Notes on the Bible, by Albert Barnes, , at sacred-texts.com
This psalm is entitled simply, "A Song of Degrees." See the notes on the title to Psa 120:1-7. Nothing is known, or can be known, of the author or of the occasion on which it was composed. DeWette and Rosenmuller suppose that it was composed in the exile; Rosenmuller regarding it as a psalm to be sung on the return to Palestine after the captivity - DeWette, as the psalm of a pensive exile looking toward the hills of Palestine, his native land, as the source from where all his help must come - and expressing confidence in God that he would bring him out of his exile and his trouble. There is no proof, however, that either of these suppositions is correct. The language is such, indeed, as might then be employed, but it is also such as might be used on many other occasions. It might be the language of the leader of an army, endangered, and looking to the "hills" where he expected reinforcements; it might be that of a pious man encompassed with dangers, anal using this expression as illustrative of his looking up to God; or it might be the language of one looking directly to heaven, represented as the heights, or the exalted place where God dwells; or it might be the language of one looking to the hills of Jerusalem - the seat of the worship of God - the place of His abode - as his refuge, and as the place from where only help could come. This last seems to me to be the most probable supposition; and thus the psalm represents the confidence and hope of a pious man (in respect to duty, danger, or trial) as derived from the God whom he worships - and the place where God has fixed his abode - the church where he manifests himself to people.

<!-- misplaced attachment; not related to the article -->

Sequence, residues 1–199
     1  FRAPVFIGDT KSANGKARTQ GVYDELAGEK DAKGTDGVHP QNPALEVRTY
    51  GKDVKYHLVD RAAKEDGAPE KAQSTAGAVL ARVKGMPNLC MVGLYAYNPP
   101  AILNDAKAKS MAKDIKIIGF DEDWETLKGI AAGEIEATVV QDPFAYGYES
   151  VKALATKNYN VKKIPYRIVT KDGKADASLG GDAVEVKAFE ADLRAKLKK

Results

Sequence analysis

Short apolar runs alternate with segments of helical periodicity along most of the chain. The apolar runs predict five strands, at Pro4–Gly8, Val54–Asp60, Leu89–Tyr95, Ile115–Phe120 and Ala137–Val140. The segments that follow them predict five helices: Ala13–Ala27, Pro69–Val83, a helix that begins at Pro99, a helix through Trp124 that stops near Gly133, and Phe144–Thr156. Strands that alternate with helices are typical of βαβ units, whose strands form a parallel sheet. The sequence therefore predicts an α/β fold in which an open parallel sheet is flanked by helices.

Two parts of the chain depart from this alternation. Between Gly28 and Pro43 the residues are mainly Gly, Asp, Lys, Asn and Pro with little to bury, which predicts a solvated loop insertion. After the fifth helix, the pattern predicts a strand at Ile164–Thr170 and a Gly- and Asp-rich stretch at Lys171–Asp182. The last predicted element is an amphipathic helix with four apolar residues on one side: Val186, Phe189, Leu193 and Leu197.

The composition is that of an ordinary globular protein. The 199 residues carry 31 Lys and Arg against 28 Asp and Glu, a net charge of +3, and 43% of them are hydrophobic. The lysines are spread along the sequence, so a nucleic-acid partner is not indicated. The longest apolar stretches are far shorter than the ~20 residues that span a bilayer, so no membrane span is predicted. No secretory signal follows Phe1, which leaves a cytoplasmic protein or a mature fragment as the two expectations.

I will lift up mine eyes - Margin, "Shall I lift up mine eyes to the hills? Whence should my help come?" The expression would properly denote a condition where there was danger; when no help or aid was visible; and when the eyes were turned to the quarter from which help might be expected to come. What the danger was cannot now be ascertained.
Unto the hills - Hebrew, the mountains. To the quarter from where I look for assistance. This (as has been shown in the Introduction) may refer
(1) to the mountains from where one in danger expected help; or
(2) to heaven, considered as high, and as the abode of God; or
(3) to the hills on which Jerusalem was built, as the place where God dwelt, and from where aid was expected.
The third of these is the most probable. The first would be applicable to a state of war only, and the second is forced and unnatural. Adopting the third interpretation, the language is natural, and makes it proper to be used at all times, since it indicates a proper looking to God as he manifests himself to people, particularly in the church.
From whence cometh my help - A more literal rendering would be, "Whence cometh my help?" This accords best with the usage of the Hebrew word, and agrees well with the connection. It indicates a troubled and anxious state of mind - a mind that asks, Where shall I look for help? The answer is found in the following verse.
My help cometh from the Lord - From Yahweh. This is the answer to the anxious inquiry in Psa 121:1. It indicates
(a) a consciousness that help could come only from God;
(b) a belief that it would come from him; and a confident yet humble reliance on him.
Which made heaven and earth - The great Creator of the universe. He must, therefore, be able to protect me. The Creator of all can defend all.